Mock Certification Testing To Be Offered to Court Reporting Students by Baton Rouge School of Court Reporting

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Baton Rouge School of Court Reporting will offer a Mock Certification Test on Thursday, November 1, 2012, for students preparing for court reporting certification testing.

Court reporting is fun

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Fear of the unknown is one stressor that we can combat.

Baton Rouge School of Court Reporting (BRSCR) will offer a Mock Certification Test on Thursday, November 1, 2012, to candidates preparing to take the national certification test in November.

To practice as a court reporter in Louisiana, as in many other states, successful completion of a certification test is required. BRSCR students spend months preparing for state and/or national testing to achieve certification. A mock test helps students prepare by offering setting that simulates certification test conditions prior to the actual test dates. "Many things lead to stress on the actual test day," says Karen Vornkahl, director of BRSCR. "Fear of the unknown is one stressor that we can combat."

To simulate a real test, BRSCR publishes the date, time, and location of the mock test to all appropriate candidates a few weeks ahead of time. Students are instructed what to bring and what the rules will be. While the test candidates for the mock test are usually well known to the test administrators, on Mock Test day, students still must show photo ID and are treated cordially as strangers. "I tell them 'we don't know you' when Mock Test day rolls around," said Vornkahl. This sets the tone for the real test conditions.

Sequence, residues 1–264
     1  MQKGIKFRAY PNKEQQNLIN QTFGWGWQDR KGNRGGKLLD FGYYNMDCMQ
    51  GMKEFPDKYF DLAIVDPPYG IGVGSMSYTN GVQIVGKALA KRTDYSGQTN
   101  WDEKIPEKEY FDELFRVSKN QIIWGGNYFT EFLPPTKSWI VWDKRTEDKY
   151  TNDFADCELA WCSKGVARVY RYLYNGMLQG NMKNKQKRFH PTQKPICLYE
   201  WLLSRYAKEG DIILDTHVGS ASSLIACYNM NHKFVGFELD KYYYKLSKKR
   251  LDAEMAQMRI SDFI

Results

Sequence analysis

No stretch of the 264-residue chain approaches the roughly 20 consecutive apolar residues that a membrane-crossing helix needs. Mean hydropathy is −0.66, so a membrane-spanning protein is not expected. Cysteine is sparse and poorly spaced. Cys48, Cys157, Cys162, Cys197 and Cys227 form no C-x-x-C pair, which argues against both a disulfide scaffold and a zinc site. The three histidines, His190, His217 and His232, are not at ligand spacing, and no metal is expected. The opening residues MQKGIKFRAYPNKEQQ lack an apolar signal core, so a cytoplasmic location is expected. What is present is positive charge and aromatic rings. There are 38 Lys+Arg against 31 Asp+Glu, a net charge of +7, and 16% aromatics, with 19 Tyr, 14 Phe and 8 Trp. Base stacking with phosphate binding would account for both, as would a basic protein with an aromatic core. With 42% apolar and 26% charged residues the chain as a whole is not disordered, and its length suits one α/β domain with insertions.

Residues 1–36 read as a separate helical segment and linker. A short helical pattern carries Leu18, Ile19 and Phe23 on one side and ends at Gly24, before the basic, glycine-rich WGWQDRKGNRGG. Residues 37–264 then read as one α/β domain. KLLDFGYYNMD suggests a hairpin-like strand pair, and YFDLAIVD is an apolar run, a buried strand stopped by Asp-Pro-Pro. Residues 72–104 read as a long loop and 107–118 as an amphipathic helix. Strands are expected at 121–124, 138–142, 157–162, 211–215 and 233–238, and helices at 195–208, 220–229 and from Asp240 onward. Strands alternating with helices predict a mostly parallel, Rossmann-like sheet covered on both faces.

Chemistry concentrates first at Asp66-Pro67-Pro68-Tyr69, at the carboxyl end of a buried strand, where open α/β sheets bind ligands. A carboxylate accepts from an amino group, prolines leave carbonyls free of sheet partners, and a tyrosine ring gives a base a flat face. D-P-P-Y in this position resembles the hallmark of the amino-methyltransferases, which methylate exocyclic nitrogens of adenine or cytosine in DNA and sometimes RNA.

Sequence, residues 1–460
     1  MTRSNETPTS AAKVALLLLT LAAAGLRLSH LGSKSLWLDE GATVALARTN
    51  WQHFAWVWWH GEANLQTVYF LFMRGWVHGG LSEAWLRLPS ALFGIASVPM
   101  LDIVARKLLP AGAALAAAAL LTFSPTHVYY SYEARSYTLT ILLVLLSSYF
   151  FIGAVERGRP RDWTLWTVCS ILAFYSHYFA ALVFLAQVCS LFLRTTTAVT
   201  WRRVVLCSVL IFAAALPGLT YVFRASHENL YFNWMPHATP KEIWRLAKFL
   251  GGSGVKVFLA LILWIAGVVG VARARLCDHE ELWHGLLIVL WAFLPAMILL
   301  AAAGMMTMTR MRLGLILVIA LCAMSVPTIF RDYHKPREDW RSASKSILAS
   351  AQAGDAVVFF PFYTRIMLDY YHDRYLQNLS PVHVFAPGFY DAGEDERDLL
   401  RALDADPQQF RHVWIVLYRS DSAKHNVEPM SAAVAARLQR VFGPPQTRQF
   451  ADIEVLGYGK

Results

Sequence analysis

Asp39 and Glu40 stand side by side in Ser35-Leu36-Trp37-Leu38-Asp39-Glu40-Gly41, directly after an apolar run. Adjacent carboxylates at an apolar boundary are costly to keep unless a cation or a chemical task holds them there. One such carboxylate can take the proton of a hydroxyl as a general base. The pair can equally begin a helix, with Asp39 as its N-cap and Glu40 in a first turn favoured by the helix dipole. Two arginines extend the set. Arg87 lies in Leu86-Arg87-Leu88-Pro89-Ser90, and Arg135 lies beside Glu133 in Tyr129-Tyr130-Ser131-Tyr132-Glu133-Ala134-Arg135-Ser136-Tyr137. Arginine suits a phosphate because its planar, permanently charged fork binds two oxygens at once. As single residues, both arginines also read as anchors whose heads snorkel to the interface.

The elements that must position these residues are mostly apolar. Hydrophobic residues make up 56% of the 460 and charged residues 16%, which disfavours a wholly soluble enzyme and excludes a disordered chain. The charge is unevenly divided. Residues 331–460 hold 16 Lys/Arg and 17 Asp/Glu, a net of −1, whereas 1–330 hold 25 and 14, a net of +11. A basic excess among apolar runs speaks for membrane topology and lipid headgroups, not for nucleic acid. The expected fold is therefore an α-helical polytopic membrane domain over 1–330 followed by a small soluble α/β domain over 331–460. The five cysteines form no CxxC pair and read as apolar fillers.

Students must set up their steno writer machines or voice writing equipment in a designated location, including bringing their own computers, printers, extension cords, and other cables and peripherals. Students are instructed they may not talk to nor assist one another once they enter the testing area.
Rules are read, and the tests are played. A typical test will be a five-minute dictation at 180 words per minute of Literary material, five minutes at 200 words per minute of Jury Charge material, and five minutes at 225 words per minute of Testimony (Q&A). Once the tests are fully administered, the candidates have up to four hours to edit, print, and submit their finished transcripts.

"At the Mock Test, we always uncover some testing issues," says Vornkahl, "things like printing problems, forgotten equipment, or unfamiliarity with the rules." Students are always happy the issues came up during the Mock Test so they can be addressed at that time rather than having them occur at actual certification testing.

The mock tests are graded, and the students receive feedback on everything from their execution of the test protocol to actual grades on their submitted transcripts. "We find holding a Mock Test that simulates a real test setting is a big benefit to our court reporting students," said Vornkahl. "Students who participate in our Mock Test typically perform well at actual certification testing."

Baton Rouge School of Court Reporting is located at 13003 Justice Avenue in Baton Rouge, Louisiana. It offers instruction in machine and voice court reporting, scoping, and classroom and broadcast captioning. All instruction is available online in addition to machine classes offered onsite. In addition, its sister campus, Professional Institute of Court Reporting , offers onsite machine court reporting in the greater New Orleans area.

For more information, visit http://www.brscr.com and http://www.pi-cr.com.

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